Is the Ocean turning into a Plastic Soup?

Oceanic gyres

Map showing ocean gyres where garbage accumulates

The ocean has become a repository of most of the waste humans generate. Every year, a large amount of plastic debris that enters the oceans releases persistent bio-accumulating and toxic compounds into the sea. Most of the plastic in our oceans is buoyant and lightweight so they get transported by ocean currents and gather in convergence zones in the sea. These zones have been called ocean landfills, garbage patches and even plastic soup by the media and environmental activists. Though this accumulation of plastic is visible and an indicator of the larger issue of marine litter, a majority of the plastic polluting the sea are small fragments that are not visible and hence not detected by satellite imagery for monitoring and studying.

It is almost impossible to quantify the exact amount of plastic debris that enters the oceans but land based sources of these inputs include poorly managed landfills, riverine transport, untreated sewage and storm water discharges, wind-blown debris, industrial and manufacturing facilities with inadequate controls, recreational use of coastal areas and tourist activities. In general, more litter is found near areas of thick human populations and consist mainly of consumer plastic items like bottles, shopping bags and personal hygiene products. Offshore sources of plastic pollution include fishing and recreation vessels, cruise liners, merchant shipping, oil and gas platforms and aquaculture facilities.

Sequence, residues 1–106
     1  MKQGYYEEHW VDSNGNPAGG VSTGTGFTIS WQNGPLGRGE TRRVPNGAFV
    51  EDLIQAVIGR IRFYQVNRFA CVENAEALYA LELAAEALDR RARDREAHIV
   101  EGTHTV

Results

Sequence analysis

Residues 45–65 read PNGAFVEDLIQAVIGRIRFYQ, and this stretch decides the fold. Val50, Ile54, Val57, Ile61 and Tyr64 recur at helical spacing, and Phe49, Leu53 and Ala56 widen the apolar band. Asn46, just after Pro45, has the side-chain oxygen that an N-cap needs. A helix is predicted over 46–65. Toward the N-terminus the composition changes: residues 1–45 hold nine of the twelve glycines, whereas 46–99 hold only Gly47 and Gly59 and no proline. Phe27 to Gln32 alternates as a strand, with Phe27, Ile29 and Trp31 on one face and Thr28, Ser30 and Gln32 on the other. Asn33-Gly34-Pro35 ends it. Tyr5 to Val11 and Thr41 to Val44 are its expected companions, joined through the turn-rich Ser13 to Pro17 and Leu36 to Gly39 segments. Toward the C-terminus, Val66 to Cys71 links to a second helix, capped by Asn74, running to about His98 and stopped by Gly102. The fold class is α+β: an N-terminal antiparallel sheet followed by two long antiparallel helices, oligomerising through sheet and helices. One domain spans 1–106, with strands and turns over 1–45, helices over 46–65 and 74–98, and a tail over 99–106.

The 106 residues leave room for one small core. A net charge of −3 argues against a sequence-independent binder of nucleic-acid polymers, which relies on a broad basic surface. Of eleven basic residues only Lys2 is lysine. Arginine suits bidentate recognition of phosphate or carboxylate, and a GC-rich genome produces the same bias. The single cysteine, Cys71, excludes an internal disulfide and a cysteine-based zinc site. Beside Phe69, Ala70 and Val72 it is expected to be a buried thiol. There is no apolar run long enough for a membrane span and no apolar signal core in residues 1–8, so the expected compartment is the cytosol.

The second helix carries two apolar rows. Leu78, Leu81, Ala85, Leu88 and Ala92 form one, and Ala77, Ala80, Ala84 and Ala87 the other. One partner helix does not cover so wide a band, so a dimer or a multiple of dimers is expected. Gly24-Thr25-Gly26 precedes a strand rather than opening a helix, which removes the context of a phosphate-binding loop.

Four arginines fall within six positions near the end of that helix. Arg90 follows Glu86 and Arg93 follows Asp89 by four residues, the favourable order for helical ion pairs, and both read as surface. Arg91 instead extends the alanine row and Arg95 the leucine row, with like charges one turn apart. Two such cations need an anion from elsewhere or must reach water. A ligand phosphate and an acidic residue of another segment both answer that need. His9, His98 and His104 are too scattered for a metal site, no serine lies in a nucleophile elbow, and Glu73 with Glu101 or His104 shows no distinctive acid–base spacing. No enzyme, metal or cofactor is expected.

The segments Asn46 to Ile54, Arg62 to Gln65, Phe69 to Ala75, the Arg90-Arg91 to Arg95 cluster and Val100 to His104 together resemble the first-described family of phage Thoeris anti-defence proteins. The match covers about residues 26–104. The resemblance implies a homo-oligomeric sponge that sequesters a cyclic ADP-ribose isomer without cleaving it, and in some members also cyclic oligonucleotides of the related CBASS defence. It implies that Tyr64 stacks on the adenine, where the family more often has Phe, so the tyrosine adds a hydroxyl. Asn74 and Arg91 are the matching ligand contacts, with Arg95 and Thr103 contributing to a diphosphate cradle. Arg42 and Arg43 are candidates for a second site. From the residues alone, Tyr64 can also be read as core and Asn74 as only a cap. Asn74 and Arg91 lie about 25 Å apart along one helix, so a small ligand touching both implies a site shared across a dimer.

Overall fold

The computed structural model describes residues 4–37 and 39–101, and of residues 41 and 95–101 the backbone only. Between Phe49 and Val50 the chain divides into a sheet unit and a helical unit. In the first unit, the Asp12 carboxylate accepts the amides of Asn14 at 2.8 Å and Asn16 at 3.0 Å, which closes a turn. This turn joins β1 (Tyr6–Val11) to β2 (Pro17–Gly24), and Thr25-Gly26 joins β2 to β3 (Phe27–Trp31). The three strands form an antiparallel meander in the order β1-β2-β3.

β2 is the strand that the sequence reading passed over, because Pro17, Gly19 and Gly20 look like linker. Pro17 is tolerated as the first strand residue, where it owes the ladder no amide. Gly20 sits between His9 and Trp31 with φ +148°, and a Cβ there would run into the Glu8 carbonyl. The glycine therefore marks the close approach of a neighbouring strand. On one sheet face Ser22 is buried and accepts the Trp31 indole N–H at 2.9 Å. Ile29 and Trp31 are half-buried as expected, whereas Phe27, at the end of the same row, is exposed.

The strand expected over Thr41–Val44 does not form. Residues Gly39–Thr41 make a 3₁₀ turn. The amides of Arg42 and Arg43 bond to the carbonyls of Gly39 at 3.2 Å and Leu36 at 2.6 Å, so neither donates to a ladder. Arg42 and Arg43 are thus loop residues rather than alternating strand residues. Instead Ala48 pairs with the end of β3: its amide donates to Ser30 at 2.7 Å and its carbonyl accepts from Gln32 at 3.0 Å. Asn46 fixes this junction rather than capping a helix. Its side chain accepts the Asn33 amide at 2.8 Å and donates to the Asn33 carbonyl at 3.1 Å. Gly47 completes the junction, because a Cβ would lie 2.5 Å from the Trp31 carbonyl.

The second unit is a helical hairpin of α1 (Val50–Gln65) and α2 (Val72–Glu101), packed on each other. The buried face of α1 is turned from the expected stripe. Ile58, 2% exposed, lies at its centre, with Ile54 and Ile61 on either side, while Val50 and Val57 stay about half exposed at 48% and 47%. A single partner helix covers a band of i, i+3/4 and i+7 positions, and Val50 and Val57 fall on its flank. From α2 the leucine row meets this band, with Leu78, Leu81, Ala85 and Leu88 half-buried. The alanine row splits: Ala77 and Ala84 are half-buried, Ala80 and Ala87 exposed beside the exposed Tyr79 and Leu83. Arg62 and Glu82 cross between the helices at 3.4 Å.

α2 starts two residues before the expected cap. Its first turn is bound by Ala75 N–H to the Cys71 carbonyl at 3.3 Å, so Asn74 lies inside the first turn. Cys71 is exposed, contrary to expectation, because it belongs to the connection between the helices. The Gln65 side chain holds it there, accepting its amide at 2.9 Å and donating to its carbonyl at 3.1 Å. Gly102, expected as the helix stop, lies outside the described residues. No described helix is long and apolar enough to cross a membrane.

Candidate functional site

Studies have shown that plastic production had a steady growth rate since the 1950s till 2008 where the economic downturn saw a drop in 25% of production.

It’s not only the surface of the ocean that has plastic accumulating. The Census of Marine Life program, completed in 2010, reported finding plastic debris at abyssal depths. Plastics at these depths will take much longer to fragment due to lack of ultraviolet (UV) penetration and much colder water temperatures.

Plastics have also found their way into the stomachs of seabirds that feed offshore. Studies have shown that in the 1980s, industrial plastic found in stranded birds peaked, and in the 1990s, consumer plastics in stomachs of birds tripled and then decreased. Smaller fragments of plastic in the sea will increase chances of ingestion by birds and marine life while larger debris will trap and entangle them.